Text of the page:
Ashley Withrow, MSSA, LISW-S, is a member of the Cleveland Clinic’s police department and has served the community as a victim advocate since February 2014. In that role, Withrow, supports anyone connected to the Clinic who has experienced violence, providing information and referrals in addition to emotional support.
Healthcare organizations are just beginning to appreciate the number and variety of violent interactions that can occur within their institutions and to the people they serve. From gang-related shootings in the emergency department, to fights among family members, abusive interactions among clinicians and staff members, injuries to nurses caring for patients with dementia, patients or employees who report incidents of domestic violence, and children who have suffered abuse, violent behavior is common. Withrow responds to all of these incidents and more. Her position offers a unique opportunity to help victims simultaneous to their medical treatment and employees within their work setting. Susan Carr recently talked with Withrow to learn more about her work.
Carr: What is the scope of your role as victim advocate at Cleveland Clinic?
Withrow: My role is to provide emotional support and crisis intervention to victims of crime, including patients, visitors, and employees of the Cleveland Clinic. When someone becomes a crime victim, they may need to interact with many different individuals and systems—for example, reporting to law enforcement or seeking medical attention. If the victim chooses to pursue criminal charges, he or she may have to share their story with prosecutors, judges, or members of a jury. Many people find the process overwhelming and confusing. My role is to support them emotionally and help them engage effectively with the systems. I do this by offering education, resources, and referrals.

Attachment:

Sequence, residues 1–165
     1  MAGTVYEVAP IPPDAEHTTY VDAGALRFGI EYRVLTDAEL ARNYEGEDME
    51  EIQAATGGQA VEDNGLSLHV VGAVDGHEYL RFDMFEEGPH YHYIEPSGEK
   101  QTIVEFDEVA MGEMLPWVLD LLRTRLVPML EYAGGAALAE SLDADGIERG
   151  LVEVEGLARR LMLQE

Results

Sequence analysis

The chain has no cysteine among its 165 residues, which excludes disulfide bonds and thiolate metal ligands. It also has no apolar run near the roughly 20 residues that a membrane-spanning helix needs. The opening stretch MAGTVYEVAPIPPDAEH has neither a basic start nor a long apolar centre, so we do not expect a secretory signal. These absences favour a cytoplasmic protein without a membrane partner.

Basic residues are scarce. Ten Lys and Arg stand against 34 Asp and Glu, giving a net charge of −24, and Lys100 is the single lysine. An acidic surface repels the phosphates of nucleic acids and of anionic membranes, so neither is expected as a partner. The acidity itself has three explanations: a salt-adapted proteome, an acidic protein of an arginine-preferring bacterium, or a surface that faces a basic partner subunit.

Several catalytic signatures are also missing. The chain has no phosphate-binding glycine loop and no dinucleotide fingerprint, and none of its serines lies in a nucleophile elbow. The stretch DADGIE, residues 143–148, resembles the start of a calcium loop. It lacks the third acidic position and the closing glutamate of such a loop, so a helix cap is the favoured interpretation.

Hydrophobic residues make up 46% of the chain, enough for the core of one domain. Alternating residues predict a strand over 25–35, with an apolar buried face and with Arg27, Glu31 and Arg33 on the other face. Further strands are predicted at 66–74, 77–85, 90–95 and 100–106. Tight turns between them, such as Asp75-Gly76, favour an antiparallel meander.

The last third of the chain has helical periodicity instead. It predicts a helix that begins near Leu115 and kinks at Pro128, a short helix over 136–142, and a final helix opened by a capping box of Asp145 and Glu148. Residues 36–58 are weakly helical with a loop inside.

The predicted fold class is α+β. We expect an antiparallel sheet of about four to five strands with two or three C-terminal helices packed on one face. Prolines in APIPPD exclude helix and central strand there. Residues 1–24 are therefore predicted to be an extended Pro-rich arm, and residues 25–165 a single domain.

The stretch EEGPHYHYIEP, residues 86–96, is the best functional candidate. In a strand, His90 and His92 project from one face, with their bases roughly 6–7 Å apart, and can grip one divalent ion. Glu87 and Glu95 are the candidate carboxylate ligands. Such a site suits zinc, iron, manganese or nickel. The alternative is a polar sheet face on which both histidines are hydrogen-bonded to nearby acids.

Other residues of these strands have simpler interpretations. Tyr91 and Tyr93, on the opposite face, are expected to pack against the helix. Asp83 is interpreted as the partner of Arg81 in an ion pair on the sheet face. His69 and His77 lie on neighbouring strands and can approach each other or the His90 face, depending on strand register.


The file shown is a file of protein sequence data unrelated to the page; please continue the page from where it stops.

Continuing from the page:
Carr: Are you primarily providing support services for people who are engaged in the criminal justice system?
Withrow: While my primary responsibility is to educate victims about their rights and make sure those rights are upheld within the criminal justice system, victims are typically impacted by the crime in a variety of other aspects of life. I tell them what to expect as they go through the criminal justice system and provide a realistic understanding of what that system might look like. Most people haven’t been through that before and don’t know what the process looks like. It’s definitely not like what they see on television and in the movies!
In order to meet the other varying needs that arise due to the victimization or trauma, I’m familiar with our community resources and counseling and support group options. Programs such as crime victim compensation or victim information and notification are available to crime victims. Connecting people with those kinds of programs or helping them apply to a compensation program is another part of my job.